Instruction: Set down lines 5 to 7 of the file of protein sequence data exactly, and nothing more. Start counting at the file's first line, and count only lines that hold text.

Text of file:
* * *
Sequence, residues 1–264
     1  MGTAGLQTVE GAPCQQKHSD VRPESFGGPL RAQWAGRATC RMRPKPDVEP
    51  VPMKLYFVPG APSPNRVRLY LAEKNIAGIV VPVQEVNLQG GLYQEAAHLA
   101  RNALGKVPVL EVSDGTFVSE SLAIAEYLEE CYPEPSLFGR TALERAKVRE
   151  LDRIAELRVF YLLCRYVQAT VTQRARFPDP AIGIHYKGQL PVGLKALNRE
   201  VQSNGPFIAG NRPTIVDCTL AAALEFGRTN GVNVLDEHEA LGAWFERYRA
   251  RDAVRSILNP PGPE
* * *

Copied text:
   151  LDRIAELRVF YLLCRYVQAT VTQRARFPDP AIGIHYKGQL PVGLKALNRE
   201  VQSNGPFIAG NRPTIVDCTL AAALEFGRTN GVNVLDEHEA LGAWFERYRA
   251  RDAVRSILNP PGPE